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The agreement was as follows, viz:

That the stake set up by Nathaniel Woodward and Solomon Saffrey, skillful, approved artists, in the year of our Lord 1642, and since that often renewed in the latitude of 41° 55', being 3 English miles distant southward from the southernmost part of the river called Charles River, agreeable to the letters patent for the Massachusetts Province, be accounted and allowed on both sides the commencement of the line between the Massachusetts and the colony of Rhode Island, from which said stake the dividing line shall run, so as it may (at Connecticut River) be 24 miles to the southward of a due west line, allowing the variation of the compass to be 9°; which said line shall forever, &c. (Vide Howard's Reports, S. C., Vol. 4, p. 631, et seq.)

In 1719 this line was run by commissioners appointed for the purpose. Subsequent investigation has shown that this line was run in a very irregular manner. (Vide R. I. Acts, May, 1867, page 6, et seq.)

The line between Massachusetts and the eastern part of Rhode Island was fixed by commissioners in 1741, from the decision of whom the colony of Rhode Island appealed to the King, who, in the year 1746, affirmed their decision by a royal decree.

The following is a record of the proceedings in council, together with the royal decree: [Council office. Council Register. Geo. II, No. 8, p. 204.]

AT THE COURT AT KENSINGTON,

the 29th day of July, 1742. Present: The Kings Most Excellent Majesty, Archbpa of Canturbury, Earl of Pembroke, Lord President Earl of Winchelsea, Lord Privy Seal Earl of Grantham, Duke of Bolton, Earl of Cholmondelly, Duke of Rutland, Earl of Wilmington, MarqR of Tweedale, Earl of Bath, Visco Lonsdale, Mr. Chancellor of the Excher, Lord Delaware, Sr. Charles Wager, Lord Bathurst, Sr. William Younge, Lord Monsore, Sr. John Norris, Mr. Speaker Thomas Winnington, esq., Mr. Vice Chamberlin, George Wade, esq.

Upon reading this day at the board the humble Petetion and appeale of the Governor and company of the English of Rhode Island and Providence Plantations in New England in America from several particular parts of the determination of the commissioners appointed by his Majesty to settle the Boundary's of the said colony Eastwards with the Province of Massachusetts Bay, and humbly praying that a day may be appointed for hearing said appeal, and that the particular parts of the said commissioners' determination appealed from may be reversed, and such other determination made instead thereof as shall be agreeable to the true construction of the Boundarys contained in the Royal Charter under which the Petioners claim, it is ordered by his Majesty in Council that the said Petition and appeal (a copy whereof is hereunto annexed) be and it is hereby referred to the Right Honorable the Lords of the committee of council for hearing appeals from the Plantations to hear the same, and report their opinion thereupon to his Majesty at the Board. A true copy.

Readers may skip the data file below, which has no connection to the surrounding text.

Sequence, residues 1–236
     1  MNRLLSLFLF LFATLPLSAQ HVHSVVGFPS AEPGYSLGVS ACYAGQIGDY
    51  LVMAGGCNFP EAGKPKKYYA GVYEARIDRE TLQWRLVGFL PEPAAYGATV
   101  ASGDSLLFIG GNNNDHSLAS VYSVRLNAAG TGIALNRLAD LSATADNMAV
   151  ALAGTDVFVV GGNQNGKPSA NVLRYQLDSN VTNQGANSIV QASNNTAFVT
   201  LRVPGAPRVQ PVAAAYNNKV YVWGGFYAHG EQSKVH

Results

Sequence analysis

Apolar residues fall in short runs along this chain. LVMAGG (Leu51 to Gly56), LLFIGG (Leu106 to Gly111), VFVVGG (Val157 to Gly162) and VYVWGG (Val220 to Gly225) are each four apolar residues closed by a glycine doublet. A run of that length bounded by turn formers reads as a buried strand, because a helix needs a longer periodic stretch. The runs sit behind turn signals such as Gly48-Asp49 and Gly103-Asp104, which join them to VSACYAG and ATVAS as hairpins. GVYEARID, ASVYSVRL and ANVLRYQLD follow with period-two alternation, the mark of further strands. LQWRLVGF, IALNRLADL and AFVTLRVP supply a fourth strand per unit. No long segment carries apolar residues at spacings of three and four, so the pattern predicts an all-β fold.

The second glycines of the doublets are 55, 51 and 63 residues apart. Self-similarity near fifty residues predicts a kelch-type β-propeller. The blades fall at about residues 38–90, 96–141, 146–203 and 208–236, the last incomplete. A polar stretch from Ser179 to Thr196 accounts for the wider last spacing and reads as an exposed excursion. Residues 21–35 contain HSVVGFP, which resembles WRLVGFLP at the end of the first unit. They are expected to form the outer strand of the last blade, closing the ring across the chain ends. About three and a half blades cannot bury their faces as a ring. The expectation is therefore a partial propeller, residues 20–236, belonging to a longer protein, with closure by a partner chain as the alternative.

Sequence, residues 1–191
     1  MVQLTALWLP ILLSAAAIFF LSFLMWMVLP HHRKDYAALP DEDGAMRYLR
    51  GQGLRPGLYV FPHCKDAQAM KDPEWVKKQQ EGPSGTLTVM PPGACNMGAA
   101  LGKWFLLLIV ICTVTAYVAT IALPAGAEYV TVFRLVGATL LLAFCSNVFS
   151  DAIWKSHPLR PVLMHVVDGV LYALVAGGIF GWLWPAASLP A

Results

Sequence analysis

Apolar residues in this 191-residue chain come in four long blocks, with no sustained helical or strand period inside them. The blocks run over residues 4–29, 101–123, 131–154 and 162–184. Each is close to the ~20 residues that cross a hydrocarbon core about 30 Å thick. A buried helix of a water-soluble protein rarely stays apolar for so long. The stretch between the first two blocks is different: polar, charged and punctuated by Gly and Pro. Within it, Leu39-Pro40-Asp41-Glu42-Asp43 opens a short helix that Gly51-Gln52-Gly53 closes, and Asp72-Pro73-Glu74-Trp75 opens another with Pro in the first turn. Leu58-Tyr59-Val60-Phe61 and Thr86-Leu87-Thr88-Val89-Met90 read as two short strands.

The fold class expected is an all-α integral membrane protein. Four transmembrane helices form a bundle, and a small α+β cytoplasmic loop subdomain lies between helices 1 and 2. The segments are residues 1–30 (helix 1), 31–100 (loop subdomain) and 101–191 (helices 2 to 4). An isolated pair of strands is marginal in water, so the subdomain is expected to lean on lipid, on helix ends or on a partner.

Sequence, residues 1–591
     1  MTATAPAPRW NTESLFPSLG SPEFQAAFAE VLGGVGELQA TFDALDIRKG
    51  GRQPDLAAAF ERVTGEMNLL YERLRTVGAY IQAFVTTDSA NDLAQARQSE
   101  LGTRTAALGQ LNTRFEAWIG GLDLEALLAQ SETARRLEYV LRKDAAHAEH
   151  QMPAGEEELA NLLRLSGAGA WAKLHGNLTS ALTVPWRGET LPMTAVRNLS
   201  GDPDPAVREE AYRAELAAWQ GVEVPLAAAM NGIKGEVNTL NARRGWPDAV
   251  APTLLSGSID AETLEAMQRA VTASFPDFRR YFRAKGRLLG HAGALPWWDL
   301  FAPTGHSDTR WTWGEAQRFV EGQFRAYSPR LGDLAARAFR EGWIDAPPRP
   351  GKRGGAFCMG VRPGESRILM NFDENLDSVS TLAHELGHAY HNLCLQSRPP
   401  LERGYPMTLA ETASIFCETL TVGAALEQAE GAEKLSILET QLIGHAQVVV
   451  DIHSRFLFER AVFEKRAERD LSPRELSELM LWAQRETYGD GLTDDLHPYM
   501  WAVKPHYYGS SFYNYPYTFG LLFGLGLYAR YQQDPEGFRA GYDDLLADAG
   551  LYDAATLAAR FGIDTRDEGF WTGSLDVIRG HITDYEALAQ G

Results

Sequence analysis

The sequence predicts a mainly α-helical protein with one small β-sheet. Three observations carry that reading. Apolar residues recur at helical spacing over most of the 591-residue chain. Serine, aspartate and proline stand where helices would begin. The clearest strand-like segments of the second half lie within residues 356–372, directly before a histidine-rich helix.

I. B. LENNARD. · Collated with the original entry in the Council Register, 18 Jan’y, 1845.

ROBT. LEMON [Council office. Council Register. Geo. II, No. 8, p. 235.]

AT THE COURT OF KENSINGTON,

the 15th day of Sept., 1742. Present: The Kings Most Excellent Majesty Archbp of Canturbury, Lord Delmar Lord Chancellor, Mr. Vice Chamberlin, Duke of Richmond, Mr. Chancellor of the Exchequer, Duke of Newcastle, Harry Pelham esq. Earl of Winchelsea, Thomas Winnington, esq., Earl of Wilmington, George Wade, esq., Lord Cartaret.

Upon reading this day at the Board the humble Petition and appeale of His Majesty's Province of the Massachusetts Bay in New England from the determination of the commissioners appointed by His Majesty to settle the Boundary of the Colony of Rhode Island Eastwards, with the said province of Massachusetts Bay and humbly praying that a day may be appointed for hearing the said appeale, and that the determination of the said commissioners may be reversed, and such other determination made instead thereof as shall be agreeable to the petioners' claim exhibited before the said commissioners—It is ordered by his Majesty in council that the said petition and appeale (a copy whereof is hereunto annexed) be and it is hereby referred to the Right Honorable the Lords of the committee in council for hearing appeals from the Plantations to hear the same and report their opinion thereupon to His Majesty at the Board. A true copy.

I. B. LENNARD. Collated with the original entry in the Council Registry, 18 of Jan’y, 1845.

ROBT. LEMON.

[Ordered in council, dated 28th May, 1746. Council office. Council Register. Geo. II, No. 10, p. 493.]

AT THE COURT OF KENSINGTON,

the 28th day of May, 1746. Present the Kings Most Excellent Majesty in Council

Upon reading at the Board a Report from the Right Honourable the Lord of the committee of council for hearing appeals from the Plantations dated the 11th of December, 1744, in the words following vizt.